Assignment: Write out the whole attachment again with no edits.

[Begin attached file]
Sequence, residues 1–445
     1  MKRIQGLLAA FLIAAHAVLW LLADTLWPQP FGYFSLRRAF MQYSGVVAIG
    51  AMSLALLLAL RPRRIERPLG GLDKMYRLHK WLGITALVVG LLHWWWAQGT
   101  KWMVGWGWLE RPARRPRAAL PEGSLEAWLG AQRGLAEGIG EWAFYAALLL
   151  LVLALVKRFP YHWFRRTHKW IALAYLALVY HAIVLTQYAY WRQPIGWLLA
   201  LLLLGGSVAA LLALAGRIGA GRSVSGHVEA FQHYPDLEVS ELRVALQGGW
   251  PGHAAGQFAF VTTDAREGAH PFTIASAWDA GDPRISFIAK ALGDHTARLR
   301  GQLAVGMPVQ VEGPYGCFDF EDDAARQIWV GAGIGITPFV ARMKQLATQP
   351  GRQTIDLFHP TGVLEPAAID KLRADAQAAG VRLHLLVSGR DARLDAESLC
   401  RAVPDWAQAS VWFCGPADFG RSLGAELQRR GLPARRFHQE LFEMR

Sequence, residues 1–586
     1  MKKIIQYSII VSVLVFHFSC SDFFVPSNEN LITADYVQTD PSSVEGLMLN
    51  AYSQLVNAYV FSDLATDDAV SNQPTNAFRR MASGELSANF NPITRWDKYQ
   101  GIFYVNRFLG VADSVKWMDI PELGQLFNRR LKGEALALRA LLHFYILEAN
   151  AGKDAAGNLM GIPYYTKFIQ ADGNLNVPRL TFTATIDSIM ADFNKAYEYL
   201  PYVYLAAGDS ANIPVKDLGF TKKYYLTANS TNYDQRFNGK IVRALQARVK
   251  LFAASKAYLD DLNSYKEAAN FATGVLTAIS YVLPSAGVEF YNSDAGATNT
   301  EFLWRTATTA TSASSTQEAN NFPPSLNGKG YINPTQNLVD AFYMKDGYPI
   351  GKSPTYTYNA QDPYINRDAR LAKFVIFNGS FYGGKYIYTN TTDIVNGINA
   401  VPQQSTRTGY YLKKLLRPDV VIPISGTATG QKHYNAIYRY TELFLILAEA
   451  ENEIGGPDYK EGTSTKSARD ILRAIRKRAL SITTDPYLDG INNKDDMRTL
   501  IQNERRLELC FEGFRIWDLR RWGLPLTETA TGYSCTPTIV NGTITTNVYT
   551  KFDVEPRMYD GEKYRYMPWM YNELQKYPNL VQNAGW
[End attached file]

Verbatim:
Sequence, residues 1–445
     1  MKRIQGLLAA FLIAAHAVLW LLADTLWPQP FGYFSLRRAF MQYSGVVAIG
    51  AMSLALLLAL RPRRIERPLG GLDKMYRLHK WLGITALVVG LLHWWWAQGT
   101  KWMVGWGWLE RPARRPRAAL PEGSLEAWLG AQRGLAEGIG EWAFYAALLL
   151  LVLALVKRFP YHWFRRTHKW IALAYLALVY HAIVLTQYAY WRQPIGWLLA
   201  LLLLGGSVAA LLALAGRIGA GRSVSGHVEA FQHYPDLEVS ELRVALQGGW
   251  PGHAAGQFAF VTTDAREGAH PFTIASAWDA GDPRISFIAK ALGDHTARLR
   301  GQLAVGMPVQ VEGPYGCFDF EDDAARQIWV GAGIGITPFV ARMKQLATQP
   351  GRQTIDLFHP TGVLEPAAID KLRADAQAAG VRLHLLVSGR DARLDAESLC
   401  RAVPDWAQAS VWFCGPADFG RSLGAELQRR GLPARRFHQE LFEMR

Sequence, residues 1–586
     1  MKKIIQYSII VSVLVFHFSC SDFFVPSNEN LITADYVQTD PSSVEGLMLN
    51  AYSQLVNAYV FSDLATDDAV SNQPTNAFRR MASGELSANF NPITRWDKYQ
   101  GIFYVNRFLG VADSVKWMDI PELGQLFNRR LKGEALALRA LLHFYILEAN
   151  AGKDAAGNLM GIPYYTKFIQ ADGNLNVPRL TFTATIDSIM ADFNKAYEYL
   201  PYVYLAAGDS ANIPVKDLGF TKKYYLTANS TNYDQRFNGK IVRALQARVK
   251  LFAASKAYLD DLNSYKEAAN FATGVLTAIS YVLPSAGVEF YNSDAGATNT
   301  EFLWRTATTA TSASSTQEAN NFPPSLNGKG YINPTQNLVD AFYMKDGYPI
   351  GKSPTYTYNA QDPYINRDAR LAKFVIFNGS FYGGKYIYTN TTDIVNGINA
   401  VPQQSTRTGY YLKKLLRPDV VIPISGTATG QKHYNAIYRY TELFLILAEA
   451  ENEIGGPDYK EGTSTKSARD ILRAIRKRAL SITTDPYLDG INNKDDMRTL
   501  IQNERRLELC FEGFRIWDLR RWGLPLTETA TGYSCTPTIV NGTITTNVYT
   551  KFDVEPRMYD GEKYRYMPWM YNELQKYPNL VQNAGW